|Department of the Government of Bangladesh|
|Industry||Railways and locomotives|
|Mohammad Amzad Hossain, Director General of Bangladesh Railway|
|Revenue||৳ 8,002 million (2014)|
|৳ - 8,015 million (2014)|
Number of employees
|Parent||Government of Bangladesh|
|Divisions||East Zone and West Zone|
Bangladesh Railway (Bengali: বাংলাদেশ রেলওয়ে) is the state owned rail transport agency of Bangladesh. It operates and maintains all railways in the country, and is overseen by the Directorate General of Bangladesh Railway. The Bangladesh Railway is governed by the Ministry of Railways and the Bangladesh Railway Authority. Its reporting mark is "BR".
The Bangladesh Railway system has a total length of 2,855 route km. In 2009, Bangladesh Railway had 34,168 employees.In 2014, Bangladesh Railway carried 65 million passengers and 2.52 million tonnes of freight. The railway made 8,135 million passenger-kilometres and 677 million tonne-kilometres.
Rail transport in Bangladesh began on 15 November, 1862, when 53.11 km of 5 ft 6 in (1,676 mm) (broad gauge) line was opened between Darshana in Chuadanga District and Jogotee in Kushtia District. On 4 January 1885, a further 14.98 km 1,000 mm (3 ft 3 3⁄8 in) (metre gauge) line was opened. In 1891, the Bengal Assam Railway was constructed with the assistance of the British Government. It was later run by the Bengal Assam Railway Company.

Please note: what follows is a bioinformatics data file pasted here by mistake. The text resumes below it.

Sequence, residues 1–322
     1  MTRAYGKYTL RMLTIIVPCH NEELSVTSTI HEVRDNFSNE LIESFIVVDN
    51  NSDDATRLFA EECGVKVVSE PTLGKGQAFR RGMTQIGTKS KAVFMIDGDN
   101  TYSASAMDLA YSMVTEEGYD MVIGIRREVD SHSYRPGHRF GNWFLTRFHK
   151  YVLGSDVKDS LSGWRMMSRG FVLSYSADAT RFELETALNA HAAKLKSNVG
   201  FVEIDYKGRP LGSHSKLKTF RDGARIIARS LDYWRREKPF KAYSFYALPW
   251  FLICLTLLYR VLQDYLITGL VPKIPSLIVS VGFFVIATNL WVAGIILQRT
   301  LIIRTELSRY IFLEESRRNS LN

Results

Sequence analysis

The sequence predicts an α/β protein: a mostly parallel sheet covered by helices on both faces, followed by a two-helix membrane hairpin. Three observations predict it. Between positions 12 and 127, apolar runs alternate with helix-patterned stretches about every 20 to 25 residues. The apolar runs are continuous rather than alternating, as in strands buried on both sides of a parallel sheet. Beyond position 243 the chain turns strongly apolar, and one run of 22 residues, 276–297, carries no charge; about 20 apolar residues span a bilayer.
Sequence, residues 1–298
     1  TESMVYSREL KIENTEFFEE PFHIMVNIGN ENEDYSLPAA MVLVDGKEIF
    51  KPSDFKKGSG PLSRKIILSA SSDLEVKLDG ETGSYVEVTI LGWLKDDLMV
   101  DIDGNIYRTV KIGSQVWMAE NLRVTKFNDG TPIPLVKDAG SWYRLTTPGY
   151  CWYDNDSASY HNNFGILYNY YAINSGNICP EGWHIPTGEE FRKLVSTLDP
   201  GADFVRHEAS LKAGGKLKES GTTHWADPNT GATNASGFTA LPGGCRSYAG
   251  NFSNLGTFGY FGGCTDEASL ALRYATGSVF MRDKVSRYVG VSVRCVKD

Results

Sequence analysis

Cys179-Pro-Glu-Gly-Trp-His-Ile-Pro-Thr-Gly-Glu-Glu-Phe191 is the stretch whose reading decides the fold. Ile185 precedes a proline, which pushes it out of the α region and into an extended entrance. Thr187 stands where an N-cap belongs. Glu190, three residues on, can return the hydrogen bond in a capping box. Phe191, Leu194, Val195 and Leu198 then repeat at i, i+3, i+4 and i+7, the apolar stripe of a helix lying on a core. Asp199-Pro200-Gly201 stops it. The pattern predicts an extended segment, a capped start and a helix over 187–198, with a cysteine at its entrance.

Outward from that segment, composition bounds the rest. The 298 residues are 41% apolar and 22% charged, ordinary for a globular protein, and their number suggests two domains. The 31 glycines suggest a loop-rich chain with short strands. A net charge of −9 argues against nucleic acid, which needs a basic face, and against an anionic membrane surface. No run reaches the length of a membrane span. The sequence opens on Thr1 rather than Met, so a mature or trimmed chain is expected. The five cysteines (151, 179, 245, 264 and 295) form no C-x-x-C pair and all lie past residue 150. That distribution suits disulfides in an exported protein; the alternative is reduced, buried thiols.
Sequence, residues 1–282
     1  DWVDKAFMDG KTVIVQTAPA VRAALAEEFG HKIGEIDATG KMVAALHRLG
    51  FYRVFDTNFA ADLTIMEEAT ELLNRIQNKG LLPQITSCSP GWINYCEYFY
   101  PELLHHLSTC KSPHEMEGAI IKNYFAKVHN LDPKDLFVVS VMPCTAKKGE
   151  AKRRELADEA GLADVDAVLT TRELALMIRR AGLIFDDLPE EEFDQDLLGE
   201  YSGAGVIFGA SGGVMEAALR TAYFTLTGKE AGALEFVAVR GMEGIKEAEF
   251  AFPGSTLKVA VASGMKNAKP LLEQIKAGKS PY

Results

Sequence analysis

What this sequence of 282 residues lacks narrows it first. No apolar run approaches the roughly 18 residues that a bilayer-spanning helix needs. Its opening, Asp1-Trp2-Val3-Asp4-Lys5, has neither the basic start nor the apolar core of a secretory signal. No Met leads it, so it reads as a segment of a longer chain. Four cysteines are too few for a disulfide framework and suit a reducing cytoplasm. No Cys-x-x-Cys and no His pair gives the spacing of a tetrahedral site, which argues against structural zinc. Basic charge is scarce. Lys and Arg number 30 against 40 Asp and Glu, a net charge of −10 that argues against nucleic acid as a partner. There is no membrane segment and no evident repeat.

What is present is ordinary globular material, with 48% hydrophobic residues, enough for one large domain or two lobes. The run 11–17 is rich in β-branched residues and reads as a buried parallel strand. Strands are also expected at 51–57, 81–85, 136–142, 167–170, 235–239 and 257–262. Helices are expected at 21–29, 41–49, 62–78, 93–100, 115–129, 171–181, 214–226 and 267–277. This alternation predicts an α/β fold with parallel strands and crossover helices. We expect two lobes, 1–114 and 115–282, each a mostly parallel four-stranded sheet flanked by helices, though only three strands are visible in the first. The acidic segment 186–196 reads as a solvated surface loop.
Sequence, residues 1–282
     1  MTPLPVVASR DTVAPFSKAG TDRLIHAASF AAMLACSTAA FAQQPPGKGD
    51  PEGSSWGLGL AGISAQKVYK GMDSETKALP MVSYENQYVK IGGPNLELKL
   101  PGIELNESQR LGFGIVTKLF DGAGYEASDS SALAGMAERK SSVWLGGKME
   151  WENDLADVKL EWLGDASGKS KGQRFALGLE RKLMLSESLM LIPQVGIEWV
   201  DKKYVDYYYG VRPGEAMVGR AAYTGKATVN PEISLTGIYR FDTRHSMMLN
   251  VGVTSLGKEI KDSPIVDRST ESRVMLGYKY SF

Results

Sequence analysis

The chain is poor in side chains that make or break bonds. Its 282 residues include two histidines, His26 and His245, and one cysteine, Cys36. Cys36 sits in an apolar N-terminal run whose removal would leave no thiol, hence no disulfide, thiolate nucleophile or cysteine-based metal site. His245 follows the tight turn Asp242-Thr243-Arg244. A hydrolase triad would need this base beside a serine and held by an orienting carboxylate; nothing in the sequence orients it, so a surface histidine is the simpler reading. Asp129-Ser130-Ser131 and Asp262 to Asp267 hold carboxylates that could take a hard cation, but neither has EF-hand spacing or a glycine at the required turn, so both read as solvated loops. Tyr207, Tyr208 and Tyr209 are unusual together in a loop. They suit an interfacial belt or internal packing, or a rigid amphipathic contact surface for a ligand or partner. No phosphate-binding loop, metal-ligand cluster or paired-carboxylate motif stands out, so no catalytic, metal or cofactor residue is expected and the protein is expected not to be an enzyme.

On 1 July 1895, two sections of metre gauge railway were constructed by English railway companies. One connected Chittagong and Comilla (149.89 km). The other connected Laksam Upazila and Chandpur (50.89 km).
In 1947, at the time of the Partition of India, the Bengal Assam Railway was divided into two parts. The 2,603.92 km of track located in East Pakistan, came under the control of the central Government of Pakistan. On 1 February 1961, the Eastern Bengal Railway was renamed the "Pakistan Eastern Railway". In 1962, control of the Pakistan Eastern Railway was transferred to the Government of East Pakistan. On 9 June 1962, by order of the president, the Pakistan Eastern Railway management was assumed by a Railway Board.
In 2005, the total length of the Bangladesh Railway was 2,855 km. There was 660 km of broad gauge track (mostly in the western region), 1,830 km of metre gauge track (mostly in the central and eastern regions) and 365 km of dual gauge track. In 1998, the Jamuna Bridge was built to connect the previously divided east and west rail networks in dual gauge.